WASHINGTON (Reuters) - U.S. President Donald Trump said on Friday he had canceled a planned military parade for November due to high costs and would instead visit Paris to commemorate the end of World War I, a day after the Pentagon postponed the event to at least next year.
Trump had requested a parade to honor U.S. military veterans and commemorate the 100th anniversary of the end of the first world war, after marveling at the Bastille Day military parade he attended in Paris last year.
But, on Thursday, a U.S. official said the cost of such an event could top $90 million, nearly three times as much as the White House had earlier estimated. The Defense Department ultimately postponed the event, originally planned for Nov. 10 in Washington.
Trump, in a pair of tweets, said he would instead celebrate the occasion in Paris on Nov. 11, the U.S Veterans Day holiday.
He also said he would attend a parade at Joint Base Andrews in Maryland, but gave no date. A spokeswoman at the base was not able to immediately provide the date for the event.
Critics had blasted the planned Washington parade, questioning the lofty cost and the need for it as the Pentagon has sought to stabilize an over-stretched military.
But in Trump’s tweets, the Republican president blamed local Washington officials for seeking a “windfall,” and suggested they were inflating the parade’s costs.
Washington, D.C. mayor Muriel Bowser, a Democrat, hit back at Trump, saying in a Twitter post that she was “the local politician who finally got thru to the reality star in the White House with the realities ($21.6M) of parades/events/demonstrations in Trump America (sad).”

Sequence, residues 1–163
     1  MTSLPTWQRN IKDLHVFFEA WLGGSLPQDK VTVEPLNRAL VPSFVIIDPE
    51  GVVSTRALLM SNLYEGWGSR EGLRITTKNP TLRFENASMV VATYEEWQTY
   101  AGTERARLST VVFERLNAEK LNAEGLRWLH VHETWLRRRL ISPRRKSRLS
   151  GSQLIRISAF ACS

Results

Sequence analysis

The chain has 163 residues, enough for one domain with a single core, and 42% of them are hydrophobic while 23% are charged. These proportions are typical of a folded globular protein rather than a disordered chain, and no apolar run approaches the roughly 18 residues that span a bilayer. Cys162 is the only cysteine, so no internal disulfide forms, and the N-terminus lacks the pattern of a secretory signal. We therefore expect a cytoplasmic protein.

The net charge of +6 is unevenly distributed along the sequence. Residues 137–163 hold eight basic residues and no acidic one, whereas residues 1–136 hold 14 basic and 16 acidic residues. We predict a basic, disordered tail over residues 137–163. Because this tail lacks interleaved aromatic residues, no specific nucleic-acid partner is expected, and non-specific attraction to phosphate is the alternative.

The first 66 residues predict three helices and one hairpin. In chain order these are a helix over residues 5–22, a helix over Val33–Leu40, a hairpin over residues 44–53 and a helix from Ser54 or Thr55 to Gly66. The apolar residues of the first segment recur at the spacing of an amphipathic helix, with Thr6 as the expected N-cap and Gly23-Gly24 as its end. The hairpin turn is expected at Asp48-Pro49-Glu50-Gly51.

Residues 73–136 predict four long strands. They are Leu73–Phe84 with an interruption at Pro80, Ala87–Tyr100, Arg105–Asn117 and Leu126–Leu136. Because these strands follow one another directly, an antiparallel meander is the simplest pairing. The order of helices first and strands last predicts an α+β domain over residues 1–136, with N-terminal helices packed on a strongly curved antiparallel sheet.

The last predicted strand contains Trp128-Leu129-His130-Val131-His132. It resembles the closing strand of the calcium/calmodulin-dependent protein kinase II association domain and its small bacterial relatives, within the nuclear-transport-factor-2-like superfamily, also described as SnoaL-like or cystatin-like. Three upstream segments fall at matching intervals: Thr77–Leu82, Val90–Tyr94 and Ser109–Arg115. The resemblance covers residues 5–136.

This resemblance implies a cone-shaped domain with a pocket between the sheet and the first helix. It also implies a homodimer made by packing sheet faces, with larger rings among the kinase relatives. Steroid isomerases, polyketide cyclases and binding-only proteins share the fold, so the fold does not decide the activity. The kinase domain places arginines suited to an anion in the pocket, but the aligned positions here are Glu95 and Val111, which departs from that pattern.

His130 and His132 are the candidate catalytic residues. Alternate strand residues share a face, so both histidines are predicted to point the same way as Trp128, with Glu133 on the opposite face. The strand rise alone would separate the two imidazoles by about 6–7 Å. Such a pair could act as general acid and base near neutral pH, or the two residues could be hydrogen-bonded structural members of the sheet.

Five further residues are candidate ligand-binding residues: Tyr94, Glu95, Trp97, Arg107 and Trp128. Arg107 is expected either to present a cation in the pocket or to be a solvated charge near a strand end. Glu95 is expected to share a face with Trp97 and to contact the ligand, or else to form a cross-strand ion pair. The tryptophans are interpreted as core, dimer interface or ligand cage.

“A great celebratory parade costs money, Mr Trump, and it’s YOUR Pentagon that’s suggesting more than $90 million. Don’t blame others,” Washington, D.C. Council chairman Phil Mendelson, another Democrat, also tweeted.
Republican lawmaker Scott Taylor backed the decision to cancel the parade, saying he did not think it was appropriate to hold such an event while U.S. troops were still fighting in wars overseas.
“I don’t agree that it’s a good idea. We’re still at war right now ... We’re still out there, our people are still out there around the world right now, in harm’s way,” Taylor said in an interview with CNN.
Military parades in the United States are rare and historically have been used to mark the end of a military conflict. In 1991, tanks and thousands of troops paraded through Washington to celebrate the end of the Gulf War.
The Elysee Palace, the official residence of French President Emmanuel Macron, had no immediate comment on Trump’s planned visit.
Reporting by Makini Brice and Susan Heavey; Additional reporting by Richard Lough in Paris; Editing by Bernadette Baum